Bondi Pavilion’s Future: Redressing The Dressing ShedsIf you’ve run like a cat on a hot tin roof over the sand and through the archways to the showers to hose half of Bondi Beach out of your cozzie, decided to expand your cultural vocabulary by visiting the theatre one evening, or gathered your glamorous posse together to pose whilst sipping jugs of Pimms at The Bucket List, then you’ve made ample use of the world renowned Bondi Pavilion.
Throughout its history, the “Ayers Rock of urban Australia” has proved to be both practical and entertaining, shaping the Bondi community since opening in 1911.
Home at various stages to change rooms, ballrooms, theatres, restaurants and even the exotic Turkish Hot Seawater Baths, the Pavilion has always been a cherished multipurpose space for locals and tourists alike. However, there is renewed debate over the tattered building’s future, with Waverley Council and community advocates trying to find common ground and forge a fresh beginning for the Bondi icon.
A new 10-year Plan of Management is underway for Bondi Park, Pavilion and Beach, with the first stage of consultation held between September and December 2012. Council received suggestions and comments from over one thousand people, a clear indication of community concern about the development and use of the site.
Waverley Council spokesperson Claire Thompson told The Beast it was great that so many people shared their thoughts and ideas.
“Many of the comments and suggestions related to the Bondi Pavilion. Examples of issues raised were the toilets, the use of the building overall, and opportunities for improving access to the rear of the Pavilion,” she said.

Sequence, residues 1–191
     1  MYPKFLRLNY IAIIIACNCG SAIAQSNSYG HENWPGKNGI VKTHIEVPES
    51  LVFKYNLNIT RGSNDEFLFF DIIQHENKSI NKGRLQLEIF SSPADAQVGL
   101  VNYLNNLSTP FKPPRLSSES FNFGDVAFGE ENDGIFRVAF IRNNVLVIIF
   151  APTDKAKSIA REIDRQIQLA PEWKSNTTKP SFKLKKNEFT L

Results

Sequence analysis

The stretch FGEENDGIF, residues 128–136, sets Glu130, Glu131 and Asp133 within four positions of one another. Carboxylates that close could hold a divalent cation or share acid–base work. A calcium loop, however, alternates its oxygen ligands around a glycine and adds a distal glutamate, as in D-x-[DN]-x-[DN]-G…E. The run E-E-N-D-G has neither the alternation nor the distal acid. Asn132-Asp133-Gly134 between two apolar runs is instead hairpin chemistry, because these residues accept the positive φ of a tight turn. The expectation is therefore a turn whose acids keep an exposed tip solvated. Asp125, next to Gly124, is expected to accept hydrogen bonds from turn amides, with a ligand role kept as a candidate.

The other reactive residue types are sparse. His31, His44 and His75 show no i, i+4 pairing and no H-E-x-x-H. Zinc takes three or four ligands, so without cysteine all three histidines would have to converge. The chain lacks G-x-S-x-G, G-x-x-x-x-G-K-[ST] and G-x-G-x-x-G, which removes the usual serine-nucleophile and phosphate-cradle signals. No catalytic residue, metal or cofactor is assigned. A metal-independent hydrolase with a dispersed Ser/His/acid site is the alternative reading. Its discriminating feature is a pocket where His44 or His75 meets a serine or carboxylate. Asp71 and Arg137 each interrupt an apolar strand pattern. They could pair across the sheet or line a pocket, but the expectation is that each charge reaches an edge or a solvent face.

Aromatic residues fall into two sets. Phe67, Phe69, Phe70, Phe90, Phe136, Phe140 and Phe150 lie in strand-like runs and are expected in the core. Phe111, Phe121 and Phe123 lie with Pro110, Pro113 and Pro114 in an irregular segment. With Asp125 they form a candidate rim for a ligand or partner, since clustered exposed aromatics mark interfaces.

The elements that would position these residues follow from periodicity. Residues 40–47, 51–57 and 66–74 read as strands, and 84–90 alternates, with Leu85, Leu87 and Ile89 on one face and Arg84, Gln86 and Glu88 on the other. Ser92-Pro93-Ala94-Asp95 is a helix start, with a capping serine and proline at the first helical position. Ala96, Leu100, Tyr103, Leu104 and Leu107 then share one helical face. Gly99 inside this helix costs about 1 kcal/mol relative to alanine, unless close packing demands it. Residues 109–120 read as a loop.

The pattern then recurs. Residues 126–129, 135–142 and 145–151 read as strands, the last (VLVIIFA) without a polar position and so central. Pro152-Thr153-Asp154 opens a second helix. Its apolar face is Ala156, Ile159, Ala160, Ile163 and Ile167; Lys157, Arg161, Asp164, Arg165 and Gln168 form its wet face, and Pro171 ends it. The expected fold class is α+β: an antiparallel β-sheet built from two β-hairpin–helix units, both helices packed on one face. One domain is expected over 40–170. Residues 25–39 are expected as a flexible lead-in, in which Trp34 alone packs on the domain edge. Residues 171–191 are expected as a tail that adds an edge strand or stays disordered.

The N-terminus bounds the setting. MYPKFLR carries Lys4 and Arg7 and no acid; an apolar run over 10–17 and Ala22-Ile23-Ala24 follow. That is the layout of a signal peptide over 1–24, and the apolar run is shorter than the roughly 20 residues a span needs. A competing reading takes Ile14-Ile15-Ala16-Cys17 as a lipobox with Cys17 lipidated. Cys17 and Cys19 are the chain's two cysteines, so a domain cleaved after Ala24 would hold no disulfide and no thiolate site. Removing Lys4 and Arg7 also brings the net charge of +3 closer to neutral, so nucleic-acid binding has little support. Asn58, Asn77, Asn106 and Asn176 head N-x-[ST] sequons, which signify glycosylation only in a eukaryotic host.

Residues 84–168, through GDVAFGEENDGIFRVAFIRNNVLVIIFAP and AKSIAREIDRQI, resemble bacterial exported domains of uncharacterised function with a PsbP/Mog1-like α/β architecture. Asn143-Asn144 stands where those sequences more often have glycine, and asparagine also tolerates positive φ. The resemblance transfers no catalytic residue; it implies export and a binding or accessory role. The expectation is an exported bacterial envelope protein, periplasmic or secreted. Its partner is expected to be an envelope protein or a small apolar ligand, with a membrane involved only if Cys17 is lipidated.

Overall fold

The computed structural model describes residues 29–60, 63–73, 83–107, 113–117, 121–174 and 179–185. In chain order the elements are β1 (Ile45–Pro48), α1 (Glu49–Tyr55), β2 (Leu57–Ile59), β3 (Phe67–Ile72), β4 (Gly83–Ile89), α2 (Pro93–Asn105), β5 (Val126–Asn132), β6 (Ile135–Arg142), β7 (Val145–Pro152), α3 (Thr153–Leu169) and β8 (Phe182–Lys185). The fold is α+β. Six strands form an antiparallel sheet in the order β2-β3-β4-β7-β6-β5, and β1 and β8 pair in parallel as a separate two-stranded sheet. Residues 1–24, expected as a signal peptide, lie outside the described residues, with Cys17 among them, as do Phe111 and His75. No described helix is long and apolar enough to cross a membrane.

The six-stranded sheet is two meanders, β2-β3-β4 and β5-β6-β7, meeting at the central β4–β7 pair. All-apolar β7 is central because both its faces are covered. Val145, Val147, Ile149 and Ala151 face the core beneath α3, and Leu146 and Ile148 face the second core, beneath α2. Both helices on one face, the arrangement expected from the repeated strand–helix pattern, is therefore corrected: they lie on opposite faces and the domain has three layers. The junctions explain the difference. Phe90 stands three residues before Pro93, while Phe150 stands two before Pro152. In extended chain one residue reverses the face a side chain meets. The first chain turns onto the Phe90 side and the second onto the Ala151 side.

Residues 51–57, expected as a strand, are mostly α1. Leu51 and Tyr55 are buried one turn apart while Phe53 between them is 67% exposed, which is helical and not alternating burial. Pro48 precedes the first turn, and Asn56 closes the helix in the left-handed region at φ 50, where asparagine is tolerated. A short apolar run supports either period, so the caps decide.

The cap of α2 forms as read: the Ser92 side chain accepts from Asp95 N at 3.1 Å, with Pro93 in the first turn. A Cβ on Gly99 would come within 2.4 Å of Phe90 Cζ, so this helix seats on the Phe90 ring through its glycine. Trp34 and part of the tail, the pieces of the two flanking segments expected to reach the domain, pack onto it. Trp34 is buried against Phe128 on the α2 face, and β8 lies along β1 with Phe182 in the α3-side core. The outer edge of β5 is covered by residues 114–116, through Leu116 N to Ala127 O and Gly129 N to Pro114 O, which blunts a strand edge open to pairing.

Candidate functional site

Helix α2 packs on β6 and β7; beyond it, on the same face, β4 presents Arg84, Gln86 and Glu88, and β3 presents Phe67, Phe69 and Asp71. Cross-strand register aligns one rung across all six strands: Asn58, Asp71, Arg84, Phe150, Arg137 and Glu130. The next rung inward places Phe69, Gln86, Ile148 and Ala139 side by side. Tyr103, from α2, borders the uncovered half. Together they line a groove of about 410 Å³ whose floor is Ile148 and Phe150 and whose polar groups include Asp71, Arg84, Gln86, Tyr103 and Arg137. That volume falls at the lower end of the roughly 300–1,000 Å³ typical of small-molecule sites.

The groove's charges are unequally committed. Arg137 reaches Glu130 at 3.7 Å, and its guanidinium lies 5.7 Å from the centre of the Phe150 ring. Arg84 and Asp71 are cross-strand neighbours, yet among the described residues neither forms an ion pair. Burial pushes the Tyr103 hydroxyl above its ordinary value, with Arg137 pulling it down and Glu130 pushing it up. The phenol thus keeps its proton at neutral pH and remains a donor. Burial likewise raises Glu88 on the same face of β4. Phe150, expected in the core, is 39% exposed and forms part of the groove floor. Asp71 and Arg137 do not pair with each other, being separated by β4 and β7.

One group leading talks of invigorating the site is the Friends of Bondi Pavilion, which placed two submissions to Council at the end of last year. President Lenore Kulakauskas raised valid concerns over the Pavilion’s current state of management.
“I don’t know that any real thought has been given to how the spaces are being used. We’re concerned that it’s very piecemeal and there doesn’t seem to be any real direction or standards,” she said.
“It doesn’t appear to be regularly maintained, and gets into an unsightly state. It comes down to no one group looking at it objectively and having a vision for it, which is what we are hoping to do as friends – to work with Council.
“What we’re going to do this year is hold a series of workshops with various groups in the community who are interested in using the Pavilion on a regular basis and to see what we come up with, and hopefully the Plan of Management will be elastic enough to allow these sorts of ideas to be used,” Kulakauskas added.
Bondi Pavilion needs fluid spaces that benefit the community in multiple ways – artistically, culturally, historically and commercially. However, let’s not forget the other side of the coin: initially the Pavilion was erected as a public amenity.
“If we’re going to cope with the ever-increasing numbers of tourists and day-trippers it’s critical that we continue to improve that part of the building by way of providing excellent changing and toilet facilities, because that was always one of the main functions of the building,” Lawrie Williams, a Bondi local of 42 years, explained.
When you’ve got over 50,000 people clamouring down to Bondi’s shore on a busy day, you’d hope to find a sanitary public space where you didn’t have to hold your breath and hope for the best.
Council is currently collating all the community feedback from the first consultation phase into a report, which will be publically released by February.
“After that, draft future directions for Bondi Park, Bondi Pavilion and Bondi Beach will be put together and released for public comment. This will be the next phase of community consultation, occurring about April 2013,” the Council spokesperson said.